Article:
- Review Price: £1455.00
Our third Pentium M 745 review comes in the shape of the AJP M6000N. AJP might not be a company that you are familiar with, but it is one of the larger laptop resellers in the UK. The chassis of the M6000N has been sourced from Asus, so the build quality should be pretty solid.
Apart from the 1.8GHz Pentium M 745 processor, AJP has equipped the M6000N with 512MB of PC2700 DDR SDRAM and a 60GB hard drive. As the M6000N is Centrino branded you’ll also find integrated Intel 802.11b/g wireless networking as part of the package. Graphics are provided by a Mobility Radeon 9600 with 64MB of memory, not cutting edge but still a very capable mobile graphics solution.
Furthermore there is a Toshiba DVD writer which will burn DVD-R discs at two-speed and DVD-RW media at single speed. It does of course also double as a CD-RW drive with write performance of 16-speed and 10-speed for CD-R and CD-RW media respectively. This drive will also read DVD-RAM media, which can be a bonus if you own a DVD-RAM drive in your desktop PC.
In terms of basic specifications the M6000N is nothing remarkable – the Systemax TourBook 5127 sported very similar, if not slightly better features. But let’s take a look at what sets the M6000N apart from the TourBook 5127. The most eye-catching feature is the 15.4in widescreen TFT display with a native resolution of 1,280 x 800. This is not quite as high as the 1,400 x 1,050 resolution sported by the TourBook 5127, but some may find the widescreen aspect ratio a bonus, especially when watching movies.
Speaking of movies, the M6000N has no less than four speakers, two mounted on the front of the laptop and a further two mounted just below the display. The sound isn’t breathtaking, but it is far better than the tinny experience provided by most notebooks. Sadly there is no digital output for the sound, so if you wanted to connect the M6000N up to an external amplifier, you’d be stuck with stereo sound instead of surround sound.
There are several connection options available and on the right hand side you’ll find the headphone and microphone sockets, a single Type II PC Card slot, a 4-in-1 memory card reader that accepts MMC, SD, Memory Stick and Memory Stick Pro, an IrDA port, a four-pin FireWire connector, and finally the modem and Gigabit Ethernet ports. There is also a set of buttons here that controls media playback, with play/pause, stop, forward and rewind buttons. At the very far end, towards the front of the laptop is a small sliding switch that allows you to power on the optical drive for CD playback, while the rest of the laptop remains powered down.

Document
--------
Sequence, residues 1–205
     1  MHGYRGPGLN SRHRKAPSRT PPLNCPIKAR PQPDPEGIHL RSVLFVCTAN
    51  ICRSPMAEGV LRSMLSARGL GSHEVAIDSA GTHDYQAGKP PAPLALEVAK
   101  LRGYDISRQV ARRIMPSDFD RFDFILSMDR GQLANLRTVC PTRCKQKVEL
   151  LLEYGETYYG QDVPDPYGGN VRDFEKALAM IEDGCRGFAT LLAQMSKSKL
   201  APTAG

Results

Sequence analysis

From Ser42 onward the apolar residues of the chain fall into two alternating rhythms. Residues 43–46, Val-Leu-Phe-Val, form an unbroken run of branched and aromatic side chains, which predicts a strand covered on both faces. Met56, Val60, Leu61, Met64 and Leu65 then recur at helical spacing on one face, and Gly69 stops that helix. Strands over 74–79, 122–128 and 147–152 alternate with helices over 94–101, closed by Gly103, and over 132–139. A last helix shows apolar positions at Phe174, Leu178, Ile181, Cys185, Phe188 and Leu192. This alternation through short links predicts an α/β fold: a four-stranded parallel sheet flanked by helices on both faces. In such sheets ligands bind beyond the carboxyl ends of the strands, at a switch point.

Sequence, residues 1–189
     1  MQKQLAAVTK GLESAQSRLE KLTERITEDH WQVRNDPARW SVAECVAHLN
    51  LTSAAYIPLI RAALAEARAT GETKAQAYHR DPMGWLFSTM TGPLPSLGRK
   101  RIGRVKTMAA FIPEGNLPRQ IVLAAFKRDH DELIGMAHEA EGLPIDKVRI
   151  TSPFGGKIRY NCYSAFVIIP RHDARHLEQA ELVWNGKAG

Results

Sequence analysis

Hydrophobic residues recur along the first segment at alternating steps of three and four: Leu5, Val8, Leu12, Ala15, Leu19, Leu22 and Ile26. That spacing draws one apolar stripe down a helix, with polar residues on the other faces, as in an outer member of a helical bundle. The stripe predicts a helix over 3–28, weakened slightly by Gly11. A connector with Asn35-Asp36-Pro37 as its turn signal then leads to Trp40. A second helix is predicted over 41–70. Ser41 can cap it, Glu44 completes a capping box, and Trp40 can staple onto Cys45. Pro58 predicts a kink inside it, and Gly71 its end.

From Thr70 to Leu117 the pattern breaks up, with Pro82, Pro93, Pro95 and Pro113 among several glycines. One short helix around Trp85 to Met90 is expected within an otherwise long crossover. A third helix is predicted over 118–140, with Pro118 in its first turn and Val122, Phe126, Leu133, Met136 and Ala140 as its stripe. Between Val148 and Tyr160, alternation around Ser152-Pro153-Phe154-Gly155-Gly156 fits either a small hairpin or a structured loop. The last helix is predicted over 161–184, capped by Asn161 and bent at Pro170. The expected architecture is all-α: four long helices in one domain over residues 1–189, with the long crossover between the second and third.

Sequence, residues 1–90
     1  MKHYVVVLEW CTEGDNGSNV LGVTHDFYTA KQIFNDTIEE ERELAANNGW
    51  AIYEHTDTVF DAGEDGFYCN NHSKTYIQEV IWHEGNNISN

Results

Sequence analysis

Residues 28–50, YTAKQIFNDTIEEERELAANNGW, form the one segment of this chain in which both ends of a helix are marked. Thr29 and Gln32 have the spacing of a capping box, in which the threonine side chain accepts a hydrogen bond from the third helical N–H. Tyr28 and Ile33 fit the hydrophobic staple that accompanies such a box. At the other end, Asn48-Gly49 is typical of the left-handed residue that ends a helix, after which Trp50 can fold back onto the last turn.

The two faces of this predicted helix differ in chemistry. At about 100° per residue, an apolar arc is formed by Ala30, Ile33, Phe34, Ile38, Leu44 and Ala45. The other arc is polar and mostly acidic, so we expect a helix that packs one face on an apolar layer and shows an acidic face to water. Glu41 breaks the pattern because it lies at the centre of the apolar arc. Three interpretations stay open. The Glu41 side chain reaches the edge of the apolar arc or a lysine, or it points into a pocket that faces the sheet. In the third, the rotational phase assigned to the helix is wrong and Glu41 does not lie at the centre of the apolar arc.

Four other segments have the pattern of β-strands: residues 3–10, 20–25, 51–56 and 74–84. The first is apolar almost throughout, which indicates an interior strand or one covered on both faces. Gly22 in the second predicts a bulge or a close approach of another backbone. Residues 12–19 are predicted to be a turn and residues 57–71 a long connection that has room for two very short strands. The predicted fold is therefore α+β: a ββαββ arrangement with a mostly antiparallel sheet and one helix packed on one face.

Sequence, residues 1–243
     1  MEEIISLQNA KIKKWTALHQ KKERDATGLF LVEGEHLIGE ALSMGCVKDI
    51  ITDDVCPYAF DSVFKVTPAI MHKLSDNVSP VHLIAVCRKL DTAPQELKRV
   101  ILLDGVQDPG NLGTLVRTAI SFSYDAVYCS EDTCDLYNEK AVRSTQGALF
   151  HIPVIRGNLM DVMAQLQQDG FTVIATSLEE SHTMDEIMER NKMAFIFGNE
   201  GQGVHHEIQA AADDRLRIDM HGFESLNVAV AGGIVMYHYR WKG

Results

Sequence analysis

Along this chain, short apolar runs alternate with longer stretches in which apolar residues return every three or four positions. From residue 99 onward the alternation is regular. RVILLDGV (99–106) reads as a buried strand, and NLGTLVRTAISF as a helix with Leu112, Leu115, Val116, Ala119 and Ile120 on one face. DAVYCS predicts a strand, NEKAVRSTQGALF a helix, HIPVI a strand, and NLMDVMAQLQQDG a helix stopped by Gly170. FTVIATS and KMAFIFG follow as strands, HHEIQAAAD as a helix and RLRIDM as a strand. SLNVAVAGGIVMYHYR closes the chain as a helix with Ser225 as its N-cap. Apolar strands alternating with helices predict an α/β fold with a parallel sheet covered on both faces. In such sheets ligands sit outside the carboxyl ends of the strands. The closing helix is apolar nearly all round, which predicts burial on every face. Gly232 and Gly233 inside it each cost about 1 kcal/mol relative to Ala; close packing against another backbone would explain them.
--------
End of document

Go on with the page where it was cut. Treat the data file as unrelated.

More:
Around the back are four USB 2.0 ports, S-Video out, a D-SUB connector, a Port Replicator connector and a parallel port. This is also where the charger plugs in and there is a slot that can be used with a Kensington style laptop lock. Finally on the right hand side you’ll find the DVD writer.
Just below the screen is the power button, which is surrounded by a blue light when the laptop is powered on. To the right of the power button is a set of quick launch buttons. The first one is used to launch your email client; the second one is a shortcut to your web browser. The third button enables or disables the wireless antennae, while the fourth one disables the touchpad. The fifth and final button gives you easy access to the Power 4 Gear software, which enables simple configuration of your power profile.
The keyboard is quite comfortable to type on, but the layout could be improved upon, especially the location of the Fn and Ctrl keys which I’d prefer swapped around. The touchpad is reasonably sized and the buttons are easy to press without being stiff. On the whole, the input devices are not the best I’ve used, but they are far from the worst. Using the M6000N for extended periods of time should not be a problem, even if you’re doing a lot of typing.
Where the AJP M6000N does beat the Systemax TourBook 5127 is in the application benchmarks, but not by much. The AJP is five points faster in SYSmark 2002, which is enough to make a small difference to performance and the AJP also has a small lead in PCMark 2004. It does however lag behind in the 3D benchmarks, but to be honest, neither machine is blisteringly fast at 3D and I don’t think I’d want to be using either as a mobile gaming platform. With a battery life of four hours and 24 minutes the AJP offers longer mobile usage than the Fujitsu-Siemens Lifebook E8010, but not quite as good as the original Systemax TourBook 5112.
Without any real highlights it’s hard to set the AJP M6000N apart from the crowd, but it is nonetheless a quality notebook and has all the features you’d expect from a modern mobile computer. There is however one caveat, the price, as AJP is asking for £1,454.65 inc VAT and delivery, which is a little on the steep side. The widescreen display does add some cost, but this machine is some £280 more expensive than the Systemax TourBook 5127.
The AJP M6000N is a quality laptop with a widescreen display and good performance, but it is a little expensive. That said, if you really want a notebook with a widescreen TFT and are willing to pay a bit extra for that feature, you won’t be disappointed with this AJP.
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